BTC/ETH: Which is the Better Buy?

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As cryptocurrencies surge in prices the question is no longer about BTC alone, but rather Bitcoin vs Ethereum and a few other emerging crypto-names which have been climbing in value.

A question like this is, of course, something that no one can answer with any certainty. Go back a few years and ask yourself which phone manufacturer to invest in: Apple or Blackberry? Or further back: should I invest in VHS or Beta?

Any investment comes with its share of risk, unless you diversify, or you play bridge with Warren Buffett. But when it comes to investment considerations such as Bitcoin vs Ethereum, the risks and the rewards are huge.

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Bitcoin has continued to appreciate in value over the years. Although it has had its share of ups and downs, there have been more ups. It recently peaked above $3000 for the first time before quickly losing almost a third of that, and then climbing again.

Ether, the “money unit” of the Ethereum blockchain technology has seen a far more dramatic rise in recent months, moving from a few dollars to over $300 before plunging to $13 and then rebounding all in the space of a few hours in June.

Such extreme volatility puts the risk/reward ratio of virtual currencies somewhat on par with betting on horses at the track. But are there some signals we can use to make a more solid decision as to where to invest? Bitcoin vs Ethereum: which is the better buy?

Bitcoin is better known at present. There are companies and retailers willing to accept it as a form of payment for actual things. This gives it credibility as a payment mechanism for mainstream goods and services. It takes a while for any new technology to become popular enough to be useful. Fax machines and even email accounts were useless until enough people started using them. Then a logarithm grew. The usefulness of a technology grows as a square of the number of users.

Bitcoin is relatively easy to acquire. People are familiar with digital wallets through their experience with smartphone based banking and Starbucks apps. This help make the market bullish. Not only is it proving itself out in the field – even surviving the Mt. Gox-style controversies, its appreciation in value is consistent.

However, Bitcoin is still a mystery. There is no one at the helm. No one has been proven to be Satoshi Nakamoto, and those who form the cabal that governs its development are diverse, and not always in agreement. Bitcoin may still be too virtual and precocious for many long-term investors.

The overall market sense with Bitcoin, is that barring any major market correction or serious hack, its value will continue to climb to levels that will make $3000 look positively quaint. And this will happen sooner rather than later.

The crucial marker to watch out for will be the day the final, 21-millionth bitcoin is mined. Then we will turn a corner. The pool becomes finite and service charges will become even more pronounced.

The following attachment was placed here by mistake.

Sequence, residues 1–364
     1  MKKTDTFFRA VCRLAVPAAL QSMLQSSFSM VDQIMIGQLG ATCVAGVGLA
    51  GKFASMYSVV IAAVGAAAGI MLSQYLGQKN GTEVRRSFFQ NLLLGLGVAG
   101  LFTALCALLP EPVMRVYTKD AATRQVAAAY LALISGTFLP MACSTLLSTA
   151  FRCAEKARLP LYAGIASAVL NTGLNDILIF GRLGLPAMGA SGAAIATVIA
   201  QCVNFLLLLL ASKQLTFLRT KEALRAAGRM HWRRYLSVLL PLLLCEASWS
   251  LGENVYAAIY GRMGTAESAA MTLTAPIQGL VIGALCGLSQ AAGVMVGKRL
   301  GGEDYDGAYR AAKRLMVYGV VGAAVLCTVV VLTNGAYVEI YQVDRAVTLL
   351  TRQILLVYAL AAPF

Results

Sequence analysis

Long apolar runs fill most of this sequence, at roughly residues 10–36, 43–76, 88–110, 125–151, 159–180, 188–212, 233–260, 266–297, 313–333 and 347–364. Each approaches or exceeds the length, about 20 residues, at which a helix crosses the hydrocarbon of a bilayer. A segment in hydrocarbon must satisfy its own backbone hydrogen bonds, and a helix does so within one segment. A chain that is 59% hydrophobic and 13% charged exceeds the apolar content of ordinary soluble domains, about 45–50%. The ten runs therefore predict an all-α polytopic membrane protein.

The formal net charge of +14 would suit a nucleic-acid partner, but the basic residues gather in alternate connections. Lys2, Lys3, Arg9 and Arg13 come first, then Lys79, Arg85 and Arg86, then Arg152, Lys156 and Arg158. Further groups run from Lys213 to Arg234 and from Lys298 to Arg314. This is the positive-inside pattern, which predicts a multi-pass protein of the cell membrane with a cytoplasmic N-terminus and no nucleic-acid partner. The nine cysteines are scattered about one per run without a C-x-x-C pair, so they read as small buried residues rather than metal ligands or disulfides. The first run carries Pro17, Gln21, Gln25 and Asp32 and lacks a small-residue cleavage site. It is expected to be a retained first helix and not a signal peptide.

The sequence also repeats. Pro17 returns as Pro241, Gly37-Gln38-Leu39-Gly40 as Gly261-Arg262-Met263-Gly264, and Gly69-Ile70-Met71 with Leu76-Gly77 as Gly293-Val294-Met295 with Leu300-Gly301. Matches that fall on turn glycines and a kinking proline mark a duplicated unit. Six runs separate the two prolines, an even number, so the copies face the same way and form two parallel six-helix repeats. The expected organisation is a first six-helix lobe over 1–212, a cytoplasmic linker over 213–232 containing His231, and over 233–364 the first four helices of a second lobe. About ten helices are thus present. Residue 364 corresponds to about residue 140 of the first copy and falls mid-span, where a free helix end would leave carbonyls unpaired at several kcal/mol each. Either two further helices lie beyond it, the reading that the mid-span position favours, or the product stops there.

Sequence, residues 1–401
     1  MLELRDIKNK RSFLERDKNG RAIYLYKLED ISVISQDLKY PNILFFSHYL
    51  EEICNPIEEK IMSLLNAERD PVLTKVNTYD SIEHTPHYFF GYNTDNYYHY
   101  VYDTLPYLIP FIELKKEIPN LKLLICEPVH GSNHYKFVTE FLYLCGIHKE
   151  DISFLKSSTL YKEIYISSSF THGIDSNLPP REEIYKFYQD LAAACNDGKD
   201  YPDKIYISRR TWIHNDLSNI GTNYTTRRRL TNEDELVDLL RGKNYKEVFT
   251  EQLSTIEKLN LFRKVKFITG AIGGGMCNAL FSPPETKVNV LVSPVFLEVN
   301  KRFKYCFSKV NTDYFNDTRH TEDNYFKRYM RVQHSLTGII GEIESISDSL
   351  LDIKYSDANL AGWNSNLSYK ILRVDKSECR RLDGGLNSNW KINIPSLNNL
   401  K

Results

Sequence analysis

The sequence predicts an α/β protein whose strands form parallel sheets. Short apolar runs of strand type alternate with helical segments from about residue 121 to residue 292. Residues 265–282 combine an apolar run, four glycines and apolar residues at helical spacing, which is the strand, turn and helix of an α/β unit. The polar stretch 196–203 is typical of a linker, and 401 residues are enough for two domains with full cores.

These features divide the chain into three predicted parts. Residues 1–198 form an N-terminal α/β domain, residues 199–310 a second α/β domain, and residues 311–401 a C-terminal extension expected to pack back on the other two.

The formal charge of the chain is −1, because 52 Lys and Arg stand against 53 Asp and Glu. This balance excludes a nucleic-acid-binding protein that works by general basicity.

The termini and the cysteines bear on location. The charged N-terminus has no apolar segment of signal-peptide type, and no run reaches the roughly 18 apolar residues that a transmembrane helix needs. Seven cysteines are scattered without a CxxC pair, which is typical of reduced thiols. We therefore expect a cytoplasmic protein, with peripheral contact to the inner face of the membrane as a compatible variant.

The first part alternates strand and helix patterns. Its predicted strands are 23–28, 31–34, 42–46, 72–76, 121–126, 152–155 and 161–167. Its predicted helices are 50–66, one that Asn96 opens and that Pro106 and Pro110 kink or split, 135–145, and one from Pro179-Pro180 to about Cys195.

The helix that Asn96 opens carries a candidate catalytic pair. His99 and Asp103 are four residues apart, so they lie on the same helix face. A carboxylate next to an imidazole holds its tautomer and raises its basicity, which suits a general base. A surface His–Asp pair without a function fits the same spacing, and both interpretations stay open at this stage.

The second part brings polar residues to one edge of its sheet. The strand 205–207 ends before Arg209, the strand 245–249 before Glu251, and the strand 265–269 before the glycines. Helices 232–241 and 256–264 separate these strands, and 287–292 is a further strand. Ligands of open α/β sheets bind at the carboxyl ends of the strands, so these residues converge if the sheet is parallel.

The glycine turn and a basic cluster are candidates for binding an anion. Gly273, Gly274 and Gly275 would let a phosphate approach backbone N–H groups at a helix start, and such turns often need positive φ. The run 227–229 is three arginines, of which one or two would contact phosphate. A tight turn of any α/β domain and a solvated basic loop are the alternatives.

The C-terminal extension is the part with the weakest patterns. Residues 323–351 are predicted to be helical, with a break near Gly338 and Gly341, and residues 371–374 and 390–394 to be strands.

Ether is probably a better product. Though very young and still volatile, it has two significant assets. The first is that its inventor, Vitalik Buterin, is a real person. He appears and comments regularly, he wrote the code, and he is active in Ether’s ongoing development. Like Bill Gates or Elon Musk, he is the face and the brain behind the product. He speaks with authority about its development, including its flaws, and is accountable, both as architect and figurehead. Tangible connections like this tend to reassure the market.

Secondly, Ether is part of a much bigger success story in the making, and that is Ethereum. As a smart contract vehicle that rides the rails of blockchain, Ethereum has a chance of becoming inextricably woven into the 21st century global economy. Cities like Dubai are quickly converting, and every industry that relies on transactions – which basically means every industry that exists – looks like they will incorporate blockchain, and specifically Ethereum into their business practices going forward. With the “currency” called Ether having been carved out of this larger entity, it stands a great chance of maturing and succeeding in lockstep.

So, both of these vehicles look like good investments at this very moment. But who’s to say the next moment, 30 seconds from now, won’t change all that?

Bitcoin vs Ethereum and Black Swan risks

Factors that complicate the Bitcoin vs Ethereum argument include their relative youth, which implies a relative immaturity of the code and governance policies. Even the cleverest programmers can’t foresee random elements and sophisticated bad actors, as the June 2016 DAO incident showed.

In addition, it must be remembered that these blockchain technologies all run on electricity and computing power, and are very expensive to mine. Although they collectively point the way towards a future that replaces trust with immutable fact, and that leaves fossil fuels, banks, and paperwork in the dust, there may be an Achilles heel. Certain countries that have access to cheap electricity, cheap skilled labor, and huge computer farms may become a significant influencing factor in how blockchain transactions are prioritized, and that, too, may spook the mainstream investor.

At this moment, both Bitcoin and Ether are worth putting some money into for some speculative fun, if you can stomach the volatility and afford possible heavy losses. But it still has more in common with going to the race track than buying Berkshire Hathaway or a Vanguard index fund.

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